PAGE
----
Submission
Felix Schröder

SHOT#ONE (JUST VIBIN’…XOXOXO)

We are thrilled to announce the first edition of SHOT# – a series of short exhibitions that provide a platform for experimental formats.


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Felix Schröder, 222 prospect park west, 2021, acrylic on canvas, 150 x 140 cm
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Felix Schröder, installation view, SHOT#ONE (JUST VIBIN’…XOXOXO), 2021
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Felix Schröder, installation view, SHOT#ONE (JUST VIBIN’…XOXOXO), 2021
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Felix Schröder, florence ave, 2021, acrylic on canvas, 200 x 145 cm
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Felix Schröder, capri plants, 2021, acrylic on canvas, 200 x 130 cm
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Felix Schröder, installation view, SHOT#ONE (JUST VIBIN’…XOXOXO), 2021
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Felix Schröder, installation view, SHOT#ONE (JUST VIBIN’…XOXOXO), 2021
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Felix Schröder, madison ave, 2021, acrylic on canvas, 200 x 140 cm
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Felix Schröder, xoxoxo, 2021, acrylic on canvas, 130 x 110 cm
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Felix Schröder, untitled, 2021, acrylic on canvas, 100 x 70 cm
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Felix Schröder, vete…?, 2021, acrylic on canvas, 200 x 145 cm

Every painting hanging in the gallery gives away a feeling of being watched – of not being the only one that is actually observing. It is this confrontation with the canvas, which is permanent and inevitable in Felix Schröder’s work. The work’s gaze becomes inevitable, almost kitschy, hovering from underneath a collection of images, strokes and stitches.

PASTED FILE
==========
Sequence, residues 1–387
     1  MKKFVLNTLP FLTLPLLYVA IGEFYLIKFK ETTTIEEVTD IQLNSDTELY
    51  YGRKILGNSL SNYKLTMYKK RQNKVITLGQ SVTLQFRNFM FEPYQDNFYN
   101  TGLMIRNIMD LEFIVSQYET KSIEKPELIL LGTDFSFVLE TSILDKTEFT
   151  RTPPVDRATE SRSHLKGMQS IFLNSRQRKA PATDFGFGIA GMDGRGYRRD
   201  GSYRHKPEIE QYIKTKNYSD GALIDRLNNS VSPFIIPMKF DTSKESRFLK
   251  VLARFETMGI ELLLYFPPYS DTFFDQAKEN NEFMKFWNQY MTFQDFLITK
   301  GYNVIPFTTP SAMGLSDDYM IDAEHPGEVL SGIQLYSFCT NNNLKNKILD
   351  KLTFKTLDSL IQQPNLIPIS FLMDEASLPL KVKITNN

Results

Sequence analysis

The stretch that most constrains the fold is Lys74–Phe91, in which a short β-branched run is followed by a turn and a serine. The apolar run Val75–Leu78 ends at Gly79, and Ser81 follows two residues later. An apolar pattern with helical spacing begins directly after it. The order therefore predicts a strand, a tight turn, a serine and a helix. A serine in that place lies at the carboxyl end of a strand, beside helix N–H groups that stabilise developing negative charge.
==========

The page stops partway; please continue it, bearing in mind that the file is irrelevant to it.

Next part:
To show in contemporary painting what one’s immediate environment can look like on one canvas alone must be a staggering task: There is the unlimited abundance of individual relevance; the overwhelming impenetrability of the surfaces that confront the observer with their most recent environment. Felix Schröder has dealt intensively with the entirety of what he regards as remarkable in his environment, as archivable.

This momentary registry has become a lot, too much for the width of the canvas, which is why the artist’s research goes into the depths of each painting’s foundation. It is these layers on which Schröder’s gestural strokes spreads. His ductus superimposes and at the same time sorts the masses: computer-generated faces, blurry references to works of art and architectural notes, monstera-flowers with watermarks on it. All references are torn open, the canvas ripped apart at times, sewn back together. This marbled whole blurs into a hazy fragment of what the human eye is trying to capture momentarily today.

In his practice, Felix Schröder combines painting, screenprinting and various interferences on canvas, merging his archives of the everyday. He recycles and prints open-source materials, sometimes leaving a painterly track, however influencing the process by sewing on parts of the canvas beforehand to give it an unevenness or placing screens and objects on it to interfere with the printing proceedings. This multilayering format, which is one focus of his work, reveils the unclear process of references, understandings and mediations in his production. The stunted paintings ultimately ask questions on contemporary authorship, satueting the end of the private space.